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Texas captains discuss Roschon Johnson’s ‘selfless’ move to RB

The true freshman was ready to do anything the team needed following injuries at running back.

Roschon Johnson (left) at practice.

There’s a new metaphorical glass case around the Texas Longhorns football facilities these days — following injuries to three of the four scholarship running backs and continued minor groin problems for freshman Jordan Whittington, freshman quarterback Roschon Johnson is now the emergency option at running back.

In recent days, Johnson has been taking reps at the position in the event that the Longhorns coaching staff has to break that glass case due to an emergency need to get out of a game.

Almost certainly headed for a redshirt season as the third-string quarterback, it’s an important case to break since Johnson can only play in four games this season and maintain his redshirt. However, it looks like that is about to happen:

The earliest returns from his teammates about his ability at the position were positive and unsolicited heading into Tuesday’s media availability with the team’s captains.

Here are the takes from redshirt freshman B-backer Byron Vaughns and freshman tight end Jared Wiley:

Then, on Tuesday, senior center Zach Shackelford and junior quarterback Sam Ehlinger both received questions about Johnson and his transition:

Two things stand out about those comments.

The first is how selfless Johnson was to agree to make the position change and explain to his teammates why it was so important to do so — it displays the same type of maturity that made him a take at the quarterback position and reflective of the recent comments by now-injured junior running back Daniel Young. Responses from freshman running back Jordan Whittington and senior wide receiver Devin Duvernay when asked to make similar changes resulted in similar responses.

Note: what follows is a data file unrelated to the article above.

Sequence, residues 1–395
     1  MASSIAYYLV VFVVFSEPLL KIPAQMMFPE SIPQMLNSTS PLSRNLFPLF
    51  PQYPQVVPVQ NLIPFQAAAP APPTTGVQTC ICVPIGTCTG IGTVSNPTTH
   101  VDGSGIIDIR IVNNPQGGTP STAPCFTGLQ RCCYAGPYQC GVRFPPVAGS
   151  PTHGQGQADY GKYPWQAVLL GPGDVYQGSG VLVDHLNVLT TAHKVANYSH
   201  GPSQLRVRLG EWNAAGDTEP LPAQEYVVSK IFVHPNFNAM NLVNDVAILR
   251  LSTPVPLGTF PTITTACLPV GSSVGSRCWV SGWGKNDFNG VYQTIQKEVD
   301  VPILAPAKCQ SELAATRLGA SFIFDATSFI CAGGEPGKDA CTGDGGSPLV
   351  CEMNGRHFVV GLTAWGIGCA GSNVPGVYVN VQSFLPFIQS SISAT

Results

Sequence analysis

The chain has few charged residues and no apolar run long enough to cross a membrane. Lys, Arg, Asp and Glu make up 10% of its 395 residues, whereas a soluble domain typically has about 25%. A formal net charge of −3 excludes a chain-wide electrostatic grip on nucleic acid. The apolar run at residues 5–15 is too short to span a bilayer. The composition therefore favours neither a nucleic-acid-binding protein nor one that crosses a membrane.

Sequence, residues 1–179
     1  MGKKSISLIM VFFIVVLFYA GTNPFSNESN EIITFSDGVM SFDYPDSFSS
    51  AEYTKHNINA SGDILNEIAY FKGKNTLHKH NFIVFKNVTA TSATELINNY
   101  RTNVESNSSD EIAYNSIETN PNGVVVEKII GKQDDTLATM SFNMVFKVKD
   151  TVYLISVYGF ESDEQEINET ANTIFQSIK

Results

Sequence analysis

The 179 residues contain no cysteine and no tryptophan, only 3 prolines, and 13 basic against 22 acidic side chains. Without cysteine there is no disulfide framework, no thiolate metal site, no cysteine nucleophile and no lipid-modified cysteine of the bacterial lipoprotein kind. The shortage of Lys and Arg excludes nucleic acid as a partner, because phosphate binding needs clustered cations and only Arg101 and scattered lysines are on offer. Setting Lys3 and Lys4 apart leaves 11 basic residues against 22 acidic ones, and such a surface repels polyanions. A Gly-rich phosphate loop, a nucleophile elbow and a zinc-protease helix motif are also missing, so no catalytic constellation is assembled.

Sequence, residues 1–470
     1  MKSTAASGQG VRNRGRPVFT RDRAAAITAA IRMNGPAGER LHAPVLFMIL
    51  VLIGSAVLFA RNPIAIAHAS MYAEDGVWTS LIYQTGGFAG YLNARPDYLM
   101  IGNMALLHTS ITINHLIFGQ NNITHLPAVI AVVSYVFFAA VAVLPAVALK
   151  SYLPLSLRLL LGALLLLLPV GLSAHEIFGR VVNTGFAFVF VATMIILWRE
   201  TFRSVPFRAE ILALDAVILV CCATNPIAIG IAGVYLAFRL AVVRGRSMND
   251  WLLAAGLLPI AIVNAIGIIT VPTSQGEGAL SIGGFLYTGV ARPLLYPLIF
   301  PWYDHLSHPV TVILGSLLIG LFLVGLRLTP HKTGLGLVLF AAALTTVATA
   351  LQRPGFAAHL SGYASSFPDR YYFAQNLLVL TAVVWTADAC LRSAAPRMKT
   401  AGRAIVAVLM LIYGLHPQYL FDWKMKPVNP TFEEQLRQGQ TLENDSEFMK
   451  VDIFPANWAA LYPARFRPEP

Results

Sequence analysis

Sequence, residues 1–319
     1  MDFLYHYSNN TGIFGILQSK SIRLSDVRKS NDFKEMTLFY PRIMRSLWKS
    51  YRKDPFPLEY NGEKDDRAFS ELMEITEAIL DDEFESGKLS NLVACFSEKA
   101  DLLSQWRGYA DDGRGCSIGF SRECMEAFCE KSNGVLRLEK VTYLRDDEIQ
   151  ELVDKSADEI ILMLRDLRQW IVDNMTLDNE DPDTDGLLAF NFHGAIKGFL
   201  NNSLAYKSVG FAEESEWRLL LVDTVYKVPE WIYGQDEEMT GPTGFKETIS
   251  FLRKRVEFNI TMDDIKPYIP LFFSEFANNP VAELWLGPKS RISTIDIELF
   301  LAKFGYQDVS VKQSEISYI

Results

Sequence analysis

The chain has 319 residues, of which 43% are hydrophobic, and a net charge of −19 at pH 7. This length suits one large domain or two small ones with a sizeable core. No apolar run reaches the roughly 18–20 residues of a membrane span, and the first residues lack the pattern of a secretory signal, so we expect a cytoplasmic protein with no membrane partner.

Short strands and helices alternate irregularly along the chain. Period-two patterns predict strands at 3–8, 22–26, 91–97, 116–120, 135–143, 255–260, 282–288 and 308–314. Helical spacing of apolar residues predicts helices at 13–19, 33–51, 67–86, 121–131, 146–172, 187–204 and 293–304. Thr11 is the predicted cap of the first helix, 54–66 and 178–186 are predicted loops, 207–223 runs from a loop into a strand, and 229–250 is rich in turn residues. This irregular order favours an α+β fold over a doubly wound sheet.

That’s alignment.

The second comment that stands out is Ehlinger declaring Johnson a “freakish” athlete, a term that he used to describe players like Whittington and wide receiver Jake Smith. Presumably, it’s not a word that Ehlinger throws around lightly.

Unfortunately, Johnson’s senior film never got posted to Hudl, so his junior film and testing numbers from high school have to do most of the talking about Johnson’s athleticism — Johnson’s 40 time, 4.81, wasn’t a strong result, but he did post a 4.29 shuttle and 33.6-inch vertical leap.

Hardly freakish numbers, but Johnson has also had a full offseason in Yancy McKnight’s strength and conditioning program, so if Ehlinger thinks he looks freakish in practice, then there’s a solid chance that Johnson deserves that particular accolade.

Regardless of whether Johnson ultimately sees the field this fall at running back, his time working with running backs coach Stan Drayton will only help him in that area of the game once he gets a chance to move back to quarterback full time. And now his teammates know how mature and selfless he is as a person despite the fact that he’s a true freshman.